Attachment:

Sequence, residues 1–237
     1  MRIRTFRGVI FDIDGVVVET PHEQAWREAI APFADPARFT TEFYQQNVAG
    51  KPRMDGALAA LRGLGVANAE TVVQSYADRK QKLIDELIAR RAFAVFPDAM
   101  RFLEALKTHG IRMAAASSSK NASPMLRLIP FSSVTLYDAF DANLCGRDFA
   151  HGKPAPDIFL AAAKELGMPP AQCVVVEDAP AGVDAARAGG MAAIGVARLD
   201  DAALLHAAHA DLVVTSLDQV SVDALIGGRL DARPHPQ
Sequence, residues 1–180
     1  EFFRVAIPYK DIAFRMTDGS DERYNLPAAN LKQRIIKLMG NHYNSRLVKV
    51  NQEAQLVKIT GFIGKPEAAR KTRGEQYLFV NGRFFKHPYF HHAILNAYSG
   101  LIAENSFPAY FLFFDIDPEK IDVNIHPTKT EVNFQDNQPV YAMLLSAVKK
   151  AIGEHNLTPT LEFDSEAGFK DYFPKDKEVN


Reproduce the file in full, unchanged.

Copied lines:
Sequence, residues 1–237
     1  MRIRTFRGVI FDIDGVVVET PHEQAWREAI APFADPARFT TEFYQQNVAG
    51  KPRMDGALAA LRGLGVANAE TVVQSYADRK QKLIDELIAR RAFAVFPDAM
   101  RFLEALKTHG IRMAAASSSK NASPMLRLIP FSSVTLYDAF DANLCGRDFA
   151  HGKPAPDIFL AAAKELGMPP AQCVVVEDAP AGVDAARAGG MAAIGVARLD
   201  DAALLHAAHA DLVVTSLDQV SVDALIGGRL DARPHPQ
Sequence, residues 1–180
     1  EFFRVAIPYK DIAFRMTDGS DERYNLPAAN LKQRIIKLMG NHYNSRLVKV
    51  NQEAQLVKIT GFIGKPEAAR KTRGEQYLFV NGRFFKHPYF HHAILNAYSG
   101  LIAENSFPAY FLFFDIDPEK IDVNIHPTKT EVNFQDNQPV YAMLLSAVKK
   151  AIGEHNLTPT LEFDSEAGFK DYFPKDKEVN